The Rutgers Journal of Sociology: Emerging Areas in Sociological Inquiry provides a forum for graduate students and junior scholars to present well-researched and theoretically compelling review articles on an annual topic in sociology. Each volume features comprehensive commentary on emerging areas of sociological interest. These are critical evaluations of current research synthesized into cohesive articles about the state of the art in the discipline. Works that highlight the cutting-edge of the field, in terms of theoretical, methodological, or topical areas, are privileged.
RJS invites submissions for its second annual edition, which will focus on Knowledge in Contention.
*Papers and abstracts must be submitted by October 15, 2011.
Some overarching questions you might consider are:
· How do controversies surrounding knowledge claims emerge, escalate, and achieve closure?
· How is expertise acquired and established, and what are the tensions between credentialed and/or lay perspectives?
· How do contentious debates affect the generation of knowledge, and how are such debates resolved, mediated, institutionalized, or suppressed?
· What role does power play in the ability to create legitimate bodies of knowledge, resolve conflicts, and win battles between contentious perspectives?
· Are there certain social structures, conditions, practices, organizations, individual actors, or environments that are more likely to generate contention over the form and substance of knowledge?
Areas we are especially interested in include:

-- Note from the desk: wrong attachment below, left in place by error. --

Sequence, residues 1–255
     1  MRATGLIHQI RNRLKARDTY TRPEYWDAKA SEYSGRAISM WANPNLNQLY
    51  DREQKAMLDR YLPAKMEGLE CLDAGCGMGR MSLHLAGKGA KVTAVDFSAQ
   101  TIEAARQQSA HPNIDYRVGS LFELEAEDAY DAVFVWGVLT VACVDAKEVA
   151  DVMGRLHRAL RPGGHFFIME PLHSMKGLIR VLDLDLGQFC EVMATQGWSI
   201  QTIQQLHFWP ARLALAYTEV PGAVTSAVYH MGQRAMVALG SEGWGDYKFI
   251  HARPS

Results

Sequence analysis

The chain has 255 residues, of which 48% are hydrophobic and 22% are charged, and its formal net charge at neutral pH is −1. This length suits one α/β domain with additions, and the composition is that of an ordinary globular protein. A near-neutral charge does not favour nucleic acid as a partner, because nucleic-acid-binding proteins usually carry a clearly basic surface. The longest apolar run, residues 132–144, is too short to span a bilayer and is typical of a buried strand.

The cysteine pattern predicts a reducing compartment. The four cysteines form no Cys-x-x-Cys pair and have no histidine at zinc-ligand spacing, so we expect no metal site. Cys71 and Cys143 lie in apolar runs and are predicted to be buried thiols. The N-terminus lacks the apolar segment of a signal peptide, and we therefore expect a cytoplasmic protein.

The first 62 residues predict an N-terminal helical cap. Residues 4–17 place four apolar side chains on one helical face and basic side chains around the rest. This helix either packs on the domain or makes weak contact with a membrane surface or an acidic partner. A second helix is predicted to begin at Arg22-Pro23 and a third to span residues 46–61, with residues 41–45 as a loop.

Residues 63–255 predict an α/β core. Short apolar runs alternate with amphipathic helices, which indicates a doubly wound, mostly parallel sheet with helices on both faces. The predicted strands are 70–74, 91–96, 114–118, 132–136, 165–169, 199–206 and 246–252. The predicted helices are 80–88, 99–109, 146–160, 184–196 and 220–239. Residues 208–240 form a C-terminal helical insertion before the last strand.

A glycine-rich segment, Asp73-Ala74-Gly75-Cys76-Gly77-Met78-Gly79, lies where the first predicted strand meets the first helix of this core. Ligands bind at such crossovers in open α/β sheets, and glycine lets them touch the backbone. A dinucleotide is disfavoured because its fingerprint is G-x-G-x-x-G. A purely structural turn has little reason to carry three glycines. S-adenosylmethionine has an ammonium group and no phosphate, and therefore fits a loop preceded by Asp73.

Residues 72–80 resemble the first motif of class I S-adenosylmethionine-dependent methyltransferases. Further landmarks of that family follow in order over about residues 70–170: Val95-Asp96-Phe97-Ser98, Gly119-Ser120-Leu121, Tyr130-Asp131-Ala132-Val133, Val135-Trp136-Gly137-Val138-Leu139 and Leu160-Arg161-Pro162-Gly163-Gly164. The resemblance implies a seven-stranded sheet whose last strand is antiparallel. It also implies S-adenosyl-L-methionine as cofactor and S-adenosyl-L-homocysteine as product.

*Ways of knowing *Knowledge Production *Deliberation, decision-making, and uncertainty management *Boundary work *Professional debates and credibility contests *Contentious discourse and narratives *Biomedical ethics *Tension between social and biological perspectives *Science and religion in debate *Claims-making in social movements *Community disputes over knowledge and values *State legitimation of knowledge claims *Transnational knowledge flows *Inequality and resistance in knowledge production *Diffusion of ideas and innovation *Institutional supports and impediments to knowledge production *Technological advancement and the meaning of progress *Epistemological disputes in the social and natural sciences *The challenges of mixed methodologies *Objectivity versus activism in research
Guidelines: We accept original reviews of relevant research, but we do not accept empirical research papers. Reviews must not be under review or elsewhere published at the time of submission and should be no more than 10,000 words, including references, notes, tables, figures, acknowledgements and all cover pages. The first page should contain a title, author’s affiliation, a running head and approximate word count. The second page should contain the title, an abstract of no more than 250 words and should not contain the names of the authors. Papers should be double-spaced, using Times New Roman font size 12, with 1.25” margins on all sides. All references should be in ASA style (see ASA guidelines). All documents should be submitted as email attachments to RJS@sociology.rutgers.edu and must be MICROSOFT WORD DOCUMENTS. For further submission guidelines, see our guide for contributors at http://sociology.rutgers.edu/RJS.html.
Department of Sociology
Kathryn Burrows, email@example.com
Jorie Hofstra, firstname.lastname@example.org
The Rutgers Journal of Sociology: Emerging Areas in Sociological Inquiry provides a forum for graduate students and junior faculty to present well-researched and theoretically compelling review articles on an annual topic in sociology. Each volume features comprehensive commentary on emerging areas of sociological interest. These are critical evaluations of current research synthesized into cohesive articles about the state of the art in the discipline. Works that highlight the cutting edge of the field, either in terms of theoretical, methodological, or topical areas, are privileged. See http://sociology.rutgers.edu/rjs.html.